Hippotherapy is a physical, occupational, and speech-language therapy treatment strategy that utilizes equine movement as part of an integrated intervention program to achieve functional outcomes. Equine movement provides multidementional movement, which is variable, rhythmic and repetitive. The horse provides a dynamic base of support, making it an excellent tool for increasing trunk strength and control, balance, building overall postural strength and endurance, addressing weight bearing, and motor planning. Equine movement offers well-modulated sensory input to vestibular, proprioceptive, tactile and visual channels. During gait transitions, the patient must perform subtle adjustments in the trunk to maintain a stable position. When a patient is sitting forward astride the horse, the horse's walking gait imparts movement responses remarkably similar to the normal human gait. The effects of equine movement on postural control, sensory systems, and motor planning can be used to facilitate coordination and timing, grading of responses, respiratory control, sensory integration skills and attentional skills. Equine movement can be used to facilitate the neurophysiologic systems that support all of our functional daily living skills.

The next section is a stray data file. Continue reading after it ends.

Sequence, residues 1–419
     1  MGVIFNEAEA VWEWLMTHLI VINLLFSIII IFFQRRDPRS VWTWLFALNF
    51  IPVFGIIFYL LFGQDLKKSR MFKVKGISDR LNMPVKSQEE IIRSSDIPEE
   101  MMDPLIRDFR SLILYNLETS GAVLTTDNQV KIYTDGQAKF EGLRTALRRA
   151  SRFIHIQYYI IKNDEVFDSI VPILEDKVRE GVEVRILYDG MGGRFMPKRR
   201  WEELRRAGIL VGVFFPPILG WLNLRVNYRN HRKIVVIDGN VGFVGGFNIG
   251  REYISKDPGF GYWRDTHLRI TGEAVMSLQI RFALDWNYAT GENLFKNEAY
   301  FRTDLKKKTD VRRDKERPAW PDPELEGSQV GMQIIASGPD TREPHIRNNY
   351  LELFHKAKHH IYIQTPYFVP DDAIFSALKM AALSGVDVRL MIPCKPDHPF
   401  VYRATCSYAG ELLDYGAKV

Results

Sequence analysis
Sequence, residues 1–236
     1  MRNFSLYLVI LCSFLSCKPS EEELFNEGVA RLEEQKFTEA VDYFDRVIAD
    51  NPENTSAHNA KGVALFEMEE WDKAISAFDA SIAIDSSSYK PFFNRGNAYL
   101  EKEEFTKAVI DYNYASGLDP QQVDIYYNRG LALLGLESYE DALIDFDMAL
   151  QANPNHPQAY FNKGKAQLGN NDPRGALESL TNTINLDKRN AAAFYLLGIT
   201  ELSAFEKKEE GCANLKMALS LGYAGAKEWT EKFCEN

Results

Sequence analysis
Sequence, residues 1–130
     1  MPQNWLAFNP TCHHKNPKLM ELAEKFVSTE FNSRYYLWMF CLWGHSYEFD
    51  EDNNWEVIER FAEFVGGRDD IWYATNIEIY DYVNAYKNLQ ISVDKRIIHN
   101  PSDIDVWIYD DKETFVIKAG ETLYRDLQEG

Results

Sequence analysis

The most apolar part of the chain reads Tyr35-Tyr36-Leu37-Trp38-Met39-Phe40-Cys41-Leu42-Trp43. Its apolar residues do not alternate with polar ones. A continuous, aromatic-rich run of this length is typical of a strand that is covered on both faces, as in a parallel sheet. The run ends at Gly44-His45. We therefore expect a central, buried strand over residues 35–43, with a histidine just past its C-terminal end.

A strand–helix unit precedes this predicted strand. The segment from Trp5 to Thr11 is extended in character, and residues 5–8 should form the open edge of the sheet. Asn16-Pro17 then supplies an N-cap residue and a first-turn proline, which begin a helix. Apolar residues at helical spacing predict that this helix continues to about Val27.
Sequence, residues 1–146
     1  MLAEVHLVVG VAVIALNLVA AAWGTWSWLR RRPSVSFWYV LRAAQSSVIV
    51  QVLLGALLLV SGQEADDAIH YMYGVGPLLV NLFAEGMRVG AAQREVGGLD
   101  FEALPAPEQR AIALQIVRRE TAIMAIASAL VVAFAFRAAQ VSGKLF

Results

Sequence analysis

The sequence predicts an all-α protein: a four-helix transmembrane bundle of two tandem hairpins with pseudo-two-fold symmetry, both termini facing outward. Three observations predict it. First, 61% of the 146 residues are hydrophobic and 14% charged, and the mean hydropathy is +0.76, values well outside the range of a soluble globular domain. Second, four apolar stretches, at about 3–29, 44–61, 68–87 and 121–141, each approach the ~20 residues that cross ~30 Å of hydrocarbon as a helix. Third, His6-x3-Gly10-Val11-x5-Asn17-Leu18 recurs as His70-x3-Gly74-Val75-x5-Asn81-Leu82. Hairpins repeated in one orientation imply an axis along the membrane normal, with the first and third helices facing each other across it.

Physical Therapists (PT): The physical therapist can overlay a variety of motor taks on the horse's movement to address the motor needs of each patient and to promote functional outcomes in skill areas related to gross motor ability such as sitting, standing, and walking.
Occupational Therapists (OT): The occupational therapist is able to combine the effects of the equine movement with other standard intervention strategies for working on fine motor control, sensory integration, feeding skills, attentional skills, and functional daily living skills in a progressively challenging manner.